Skip to content

Insight #354 – Calvinism Examined #5 – Are We Robots?

Remember the old excuse: “The devil made me do it”? How about an even older excuse: “God made me do it”? That’s as old as Adam: “The woman whom you gave to be with me…” (Gen. 3:12). 

God Is Sovereign

“Sovereignty” is not used in our everyday talk. In fact, the word is seldom found in most Bibles. However, it sounds very important, and so we may give it more weight than it deserves. After all, it is just a fancy term for a king in the olden days – not to be confused with the many ceremonial “kings” today. A sovereign has supreme authority or power over a territory. A sovereign is the chief ruler, chief authority, the one with the last word. “Lord” often carries the same meaning.  

In what sense is God sovereign? In the sense that He is Lord and King of the universe. He is subject to no one. He can do what He wants. Nobody can overrule Him. Psalm 115:3 says it clearly: “Our God is in the heavens. He does whatever he pleases.” God is chief authority in the universe. God is supreme.

Whether speaking of earthly kings or the God of heaven, the term “sovereignty” has nothing to do with total control of everything that happens. The final authority, yes. The last word, yes. The one who causes and controls every detail? Certainly not!

God’s will is not always done. According to 2 Peter 3:9, God “is patient with us, not wishing that anyone should perish.” However, Jesus said that “the way is broad that leads to destruction, and there are many who enter in by it” (Matt. 7:13). That’s because so many people, having been given free will by the sovereign God, reject His will.

God Gives Humans Choice

Let’s visit Eden. God said, “You shall not eat of the tree of the knowledge of good and evil; for in the day that you eat of it, you will surely die” (Gen. 2:17). By giving Adam and Eve a command rather than forcing their will, God was giving them the power to choose. In other words, God gave them freedom of will to either obey or disobey Him. But God had the last word, He controlled the consequences!

Then there was their angry son Cain to whom God said, “If you do well, won’t it be lifted up? If you don’t do well, sin crouches at the door. Its desire is for you, but you are to rule over it” (Gen. 4:7). Cain, just like his parents, was given free will to decide. Cain was not born totally depraved, unable to make a choice to obey God. Neither were the ancient Israelites: “I have set before you life and death, the blessing and the curse. Therefore choose life, that you may live” (Dt. 30:19). God gave them a choice, just like He gives us: “He who is thirsty, let him come. He who desires, let him take the water of life freely” (Rev. 22:17).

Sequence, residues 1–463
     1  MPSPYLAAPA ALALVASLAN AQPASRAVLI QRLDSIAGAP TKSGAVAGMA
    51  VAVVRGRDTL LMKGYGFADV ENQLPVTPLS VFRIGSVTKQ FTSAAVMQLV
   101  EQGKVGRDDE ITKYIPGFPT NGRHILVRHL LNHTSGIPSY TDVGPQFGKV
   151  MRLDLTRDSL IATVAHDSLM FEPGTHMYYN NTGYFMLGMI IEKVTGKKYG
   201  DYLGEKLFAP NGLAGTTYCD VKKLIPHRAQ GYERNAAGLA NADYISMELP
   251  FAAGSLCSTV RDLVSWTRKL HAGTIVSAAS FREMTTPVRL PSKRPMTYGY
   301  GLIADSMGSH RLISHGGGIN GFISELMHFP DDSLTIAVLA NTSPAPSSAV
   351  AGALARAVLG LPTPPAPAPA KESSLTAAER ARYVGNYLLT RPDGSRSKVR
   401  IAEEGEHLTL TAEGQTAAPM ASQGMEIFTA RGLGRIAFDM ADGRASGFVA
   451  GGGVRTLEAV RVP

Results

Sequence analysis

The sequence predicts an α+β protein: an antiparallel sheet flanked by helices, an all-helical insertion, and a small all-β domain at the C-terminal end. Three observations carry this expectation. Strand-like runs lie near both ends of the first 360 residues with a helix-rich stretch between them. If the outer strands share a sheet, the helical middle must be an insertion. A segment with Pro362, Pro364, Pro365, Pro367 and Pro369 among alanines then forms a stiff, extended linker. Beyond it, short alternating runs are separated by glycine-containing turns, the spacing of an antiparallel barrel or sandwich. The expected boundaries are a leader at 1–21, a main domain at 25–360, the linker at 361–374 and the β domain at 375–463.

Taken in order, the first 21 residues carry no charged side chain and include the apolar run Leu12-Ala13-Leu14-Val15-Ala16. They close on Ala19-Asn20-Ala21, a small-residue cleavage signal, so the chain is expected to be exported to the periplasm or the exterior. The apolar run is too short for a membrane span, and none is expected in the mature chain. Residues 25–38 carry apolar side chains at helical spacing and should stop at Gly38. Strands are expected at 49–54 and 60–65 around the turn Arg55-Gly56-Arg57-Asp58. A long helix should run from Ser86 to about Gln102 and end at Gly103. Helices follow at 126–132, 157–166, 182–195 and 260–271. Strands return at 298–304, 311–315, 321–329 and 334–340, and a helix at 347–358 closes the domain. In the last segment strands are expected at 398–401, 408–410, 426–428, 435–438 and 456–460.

God being sovereign does not mean everything that happens is His will. In His sovereignty He has clearly opened a window of time when he gives mankind the choice to act contrary to His will. That’s the definition of sin!

Choice Involves Responsibility

The well-known Calvinist John MacArthur was asked, “How do you reconcile the duality of God’s sovereignty and man’s responsibility? Like for example, if someone asks you ‘Well, if God literally brings about everything, how can He blame me for sinning?'” MacArthur’s response: “Well, I don’t know the answer to that, and I’ve never met anybody that knows the answer to that.”(1) What MacArthur should have said is, “I’ve never met a Calvinist that knows the answer to that.”

MacArthur’s difficulty in harmonizing God’s sovereignty and man’s responsibility is clearly the result of looking at the Bible through Calvinistic eyeglasses. The entire TULIP acronym is a denial of human responsibility. For example, consider the first point, “total depravity.” To quote a Calvinist website, total depravity means that “Man is spiritually dead… unable of himself to choose spiritual good.”(2) On the contrary, as we have already seen, God, in His sovereign will, has given us the freedom of choice!

MacArthur’s admission of human responsibility makes no sense with Calvinism – but it makes total sense with Scripture. If God caused us to be born so depraved and dead that we are unable to choose to follow Him, then God would be responsible for our choices, not us. What an awful view of God!

We Are Not Robots

The sovereign God, of His own free will, gave Adam and Eve the ability to choose. They chose to sin, and that in no way means that Adam’s offspring lost the ability to choose. On the contrary, God invited Cain to rule over sin, to choose life. From Genesis to Revelation, humans are held responsible precisely because we are not robots. Of our own free will we choose to serve God or to serve self. Whether in the Bible or out of the Bible, the word “sovereignty” does not mean – and never did mean – absolute control of everything that happens. God was not in control of Adam’s and Cain’s decisions. He was in control of the consequences in both cases.  

God wants us to serve Him, but He does not force us. He gives us the choice. His desire and offer that all men would yield to Him is lovingly displayed in Jesus’ lament over Jerusalem just days before they crucified Him: “Jerusalem, Jerusalem… How often I would have gathered your children together, even as a hen gathers her chicks under her wings, and you would not!” (Matt. 23:37). Jesus longed to hold them close in love, but they “would not.” He did not coerce them; they were not robots. Nor are we. We must reject every doctrine that – like Adam’s excuse – blames God for our choices!

–––––––––––
(1) YouTube: “Pastor John MacArthur on God’s sovereignty and man’s responsibility”
(2) fivesolas.com/tulipscriptures.htm
–––––––-–––
NOTE: The purpose of this series is to biblically examine various aspects of the Calvinistic acrostic, TULIP: Total depravity, Unconditional election, Limited atonement, Irresistible grace, and Perseverance of the saints.

Tags: